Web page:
May 27, 2013

I made a MOOC and I survived!

Xavier Lagrange, Alexander Pelov and I made a MOOC introducing Cellular Networks!

It is supposed to be a 20-hours course for students having a minimum background on networks. It attracted around 350 students, including 35 students from my institution for which this course is part of the curriculum.

I do not discuss here our motivations to create a MOOC and the way students have experienced it. I focus on the teacher's standpoint when making this MOOC.

We decided to make our own MOOC from scratch without using external products (except YouTube to host video). In other words, we did not use third-party companies like Coursera and Udacity, which host content, advertise it, ensure hotline for technical troubles, and so on.

Time Spent
On a very rough estimation, we spent 240 hours on this MOOC, including:
  • 20 hours preparing the pedagogical material. This part is actually enjoyable for teachers. To transform classic 3 hours-long lectures into 7-minutes-long to-the-point videos (+ quizz) is actually a nice challenge. Though, there is room to do more: we did not change much our exercises. Moreover the only collaborative tool we experimented is peer reviewing for homework. In other words, the transition to c-MOOC would require more time.
  • x hours interacting with students. Since our MOOC was not that crowded, x was close to epsilon but I guess there should be some formulas linking teacher interaction time and number of students.
  • 30 hours installing and testing the MOOC platform. We chose OpenMOOC because it was the only available, viable, open-source platform at that time. It is an overall good basis but it is relatively hard to install for people who are not familiar with server administration. Moreover, statistics modules are very incomplete. But, still, OpenMOOC is OK, it provides basic functionalities and the teacher interface is friendly.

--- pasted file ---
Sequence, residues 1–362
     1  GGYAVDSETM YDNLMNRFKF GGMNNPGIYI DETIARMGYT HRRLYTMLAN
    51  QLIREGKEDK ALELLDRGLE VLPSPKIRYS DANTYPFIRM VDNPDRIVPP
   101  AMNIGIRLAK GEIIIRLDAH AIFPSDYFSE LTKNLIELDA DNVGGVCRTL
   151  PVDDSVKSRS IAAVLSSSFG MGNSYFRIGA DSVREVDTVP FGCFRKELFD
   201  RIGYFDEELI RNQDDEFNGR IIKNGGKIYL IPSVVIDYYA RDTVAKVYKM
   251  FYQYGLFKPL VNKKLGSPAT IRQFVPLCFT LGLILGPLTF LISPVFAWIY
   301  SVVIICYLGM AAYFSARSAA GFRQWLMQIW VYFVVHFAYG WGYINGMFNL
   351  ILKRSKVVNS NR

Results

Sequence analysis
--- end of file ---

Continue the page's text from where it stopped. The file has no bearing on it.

• 180 hours generating the video of courses, including:
    • Warm-up: it is all but easy to write on a tablet while watching a camera, to master all recording elements, to feel comfortable, to find the right tone and the right pace. For each teacher, the first tries recording videos were disastrous.
    • Recording: we made a lot of errors, for example to speak during twenty minutes with microphones off. Even when everything runs perfectly, speaking for such video is totally different from lectures. Overall, 2 minutes of recorded videos ended up into 1 minute of video that can be actually exploited.
    • Producing: we discovered how to use a studio software. With nowadays tools, it took us in average 10 minutes to deal with each recorded minute, so 20 minutes per each finally online minutes of video. And we had around 90 videos with average 6 minutes. 
  • 5 hours advertising. We were not affiliated with a well-known platform, so we needed to attract people (despite the aridness of the topic). Clearly, we did not do enough.

Process